CFA Trading's stand at BETT 2020
CFA Trading with a stand at BETT 2020 made of recycled materials and promoting refurbished hardware

Another game-changer, more for the hardware side of things, was the increased visibility of companies who provide refurbished computers to schools. This is essential for sustainability, both for school finances and environmental reasons. The idea of scalable refurbishment directly challenges the ‘buy a load of iPads but without the support’ approach that has plagued many educational institutions. Instead devices are available on lease, and at prices which are not too dissimilar to buying outright, with the added advantage that if it goes wrong or becomes obsolete hardware, you just lease the next model. There are always tensions though between the provision of tech that can do the job, but might be a bit slow, and tech that is shiny and new. As a student, which would you prefer? Refurbished doesn’t always mean slow, but it might mean less appeal to end users. Sadly, that belittles all the potential that provision of meaningful tech could offer, and perhaps with an environmentally conscious generation a few sacrifices in shininess can be made. I’m excited by the prospect of hardware being reused and repurposed. Even if repurposing means students get to take it apart and put it back together to find out how it all works.

Plateau of potential

Overall, I’m not sure I was wowed this year. Perhaps I missed something that really changed my view of what #edtech can do? Either the innovations were buried in the tiny start-up stands with vague names that really didn’t tell you what the product was they’re trying to launch, or I’ve just adopted a very cynical view that all the new stuff (such as AI and VR and AR and other two-letter acronyms) hasn’t really established its educational value base yet. Julian Stanley’s review is a little more appraising of the value of BETT to showcase eye-catching tech. I particularly like the turn of phrase: “there is still room for dazzling, if (intentionally) naive visions of the future.”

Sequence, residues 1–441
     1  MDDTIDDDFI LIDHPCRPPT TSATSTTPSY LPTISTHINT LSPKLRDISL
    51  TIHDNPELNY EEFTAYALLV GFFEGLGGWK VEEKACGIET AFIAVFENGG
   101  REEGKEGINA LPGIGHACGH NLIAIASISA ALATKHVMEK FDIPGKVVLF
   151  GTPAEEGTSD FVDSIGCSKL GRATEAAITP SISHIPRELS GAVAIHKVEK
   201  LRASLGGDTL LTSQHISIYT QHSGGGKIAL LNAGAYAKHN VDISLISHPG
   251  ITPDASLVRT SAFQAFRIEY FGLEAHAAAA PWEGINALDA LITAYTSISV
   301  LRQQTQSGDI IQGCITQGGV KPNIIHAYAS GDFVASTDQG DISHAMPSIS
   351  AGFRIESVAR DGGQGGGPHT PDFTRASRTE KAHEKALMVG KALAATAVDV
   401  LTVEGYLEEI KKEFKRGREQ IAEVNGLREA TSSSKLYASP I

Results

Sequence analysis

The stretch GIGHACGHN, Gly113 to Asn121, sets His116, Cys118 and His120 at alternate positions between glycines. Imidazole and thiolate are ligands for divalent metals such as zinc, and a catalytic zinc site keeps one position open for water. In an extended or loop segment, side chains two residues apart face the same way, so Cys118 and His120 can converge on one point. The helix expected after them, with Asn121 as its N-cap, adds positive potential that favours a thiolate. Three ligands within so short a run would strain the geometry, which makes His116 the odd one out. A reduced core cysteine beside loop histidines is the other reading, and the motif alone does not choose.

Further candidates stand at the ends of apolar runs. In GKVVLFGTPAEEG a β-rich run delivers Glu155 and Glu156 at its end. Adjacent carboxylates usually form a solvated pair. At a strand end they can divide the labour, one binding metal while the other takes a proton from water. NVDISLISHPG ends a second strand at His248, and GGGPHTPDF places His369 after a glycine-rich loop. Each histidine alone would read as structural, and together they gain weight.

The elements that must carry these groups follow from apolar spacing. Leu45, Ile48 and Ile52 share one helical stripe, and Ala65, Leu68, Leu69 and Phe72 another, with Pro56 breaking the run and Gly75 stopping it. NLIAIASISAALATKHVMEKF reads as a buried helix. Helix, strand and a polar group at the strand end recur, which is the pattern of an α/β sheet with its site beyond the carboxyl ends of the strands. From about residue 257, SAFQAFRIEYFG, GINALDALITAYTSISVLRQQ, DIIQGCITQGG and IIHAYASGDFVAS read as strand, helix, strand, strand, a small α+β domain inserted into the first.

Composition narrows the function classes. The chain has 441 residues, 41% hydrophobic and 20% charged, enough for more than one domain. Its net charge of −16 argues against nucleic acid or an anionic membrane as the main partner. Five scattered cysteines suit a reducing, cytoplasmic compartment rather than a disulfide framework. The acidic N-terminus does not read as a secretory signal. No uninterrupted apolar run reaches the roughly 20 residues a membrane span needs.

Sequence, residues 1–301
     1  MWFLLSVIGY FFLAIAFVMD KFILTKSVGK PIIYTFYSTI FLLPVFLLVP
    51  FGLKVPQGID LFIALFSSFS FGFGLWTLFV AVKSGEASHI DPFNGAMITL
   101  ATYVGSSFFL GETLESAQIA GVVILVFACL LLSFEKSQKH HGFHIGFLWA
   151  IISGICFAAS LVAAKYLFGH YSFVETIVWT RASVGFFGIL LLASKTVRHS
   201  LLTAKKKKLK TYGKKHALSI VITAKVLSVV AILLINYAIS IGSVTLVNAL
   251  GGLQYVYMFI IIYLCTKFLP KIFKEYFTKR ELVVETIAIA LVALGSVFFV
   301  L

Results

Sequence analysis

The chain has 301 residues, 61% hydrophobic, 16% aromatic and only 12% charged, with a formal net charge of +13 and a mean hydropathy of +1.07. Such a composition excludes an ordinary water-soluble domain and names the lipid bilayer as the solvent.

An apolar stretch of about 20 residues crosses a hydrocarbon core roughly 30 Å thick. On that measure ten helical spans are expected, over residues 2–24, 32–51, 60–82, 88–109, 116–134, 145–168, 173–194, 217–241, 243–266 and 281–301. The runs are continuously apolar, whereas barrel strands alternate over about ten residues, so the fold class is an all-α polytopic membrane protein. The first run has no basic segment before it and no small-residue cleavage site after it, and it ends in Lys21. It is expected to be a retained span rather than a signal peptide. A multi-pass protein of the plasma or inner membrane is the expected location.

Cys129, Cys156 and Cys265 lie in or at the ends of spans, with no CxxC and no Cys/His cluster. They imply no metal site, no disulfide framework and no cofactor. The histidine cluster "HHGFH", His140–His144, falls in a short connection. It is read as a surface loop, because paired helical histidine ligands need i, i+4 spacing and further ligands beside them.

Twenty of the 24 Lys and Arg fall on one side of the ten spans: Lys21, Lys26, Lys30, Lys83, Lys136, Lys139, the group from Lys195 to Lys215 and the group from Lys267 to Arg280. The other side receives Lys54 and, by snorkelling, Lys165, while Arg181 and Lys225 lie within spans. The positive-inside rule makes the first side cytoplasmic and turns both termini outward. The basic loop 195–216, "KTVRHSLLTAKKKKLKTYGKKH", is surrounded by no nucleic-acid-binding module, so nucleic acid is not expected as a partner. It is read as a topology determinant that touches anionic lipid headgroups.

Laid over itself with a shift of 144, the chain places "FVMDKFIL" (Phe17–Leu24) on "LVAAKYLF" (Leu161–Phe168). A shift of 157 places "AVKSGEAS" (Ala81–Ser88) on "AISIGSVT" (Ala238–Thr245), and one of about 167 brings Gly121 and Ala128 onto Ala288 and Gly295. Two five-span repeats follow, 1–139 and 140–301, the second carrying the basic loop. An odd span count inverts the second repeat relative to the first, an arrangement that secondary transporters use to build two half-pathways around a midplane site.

I am increasingly concerned that AI in its most rudimentary form, essentially adaptive content based on student quiz results (which has been knocking about for years now), is being touted as the digital saviour for teachers who are struggling to cope with the diversity of learners in their classroom. Although I am a champion of effective use of educational technology, the thought of students spending their time sat in front of computer screens for the sake of monitoring progress worries me. Does that make me old fashioned? I don’t know. I’d hope that collaboration, discussion, group work and listening are all part of any educational experience (online or in person). I’m still working out ‘where does AI fit into this?’ and ‘can AI really replicate, and hence replace, forms of human-human learning?’ If AI goes beyond monitoring interactions on digital platforms, does this lead AI educational technology down into the murky world of automated monitoring of classroom conversation or, worryingly, making assumptions about learning taking place based on facial expressions.

Hard work for some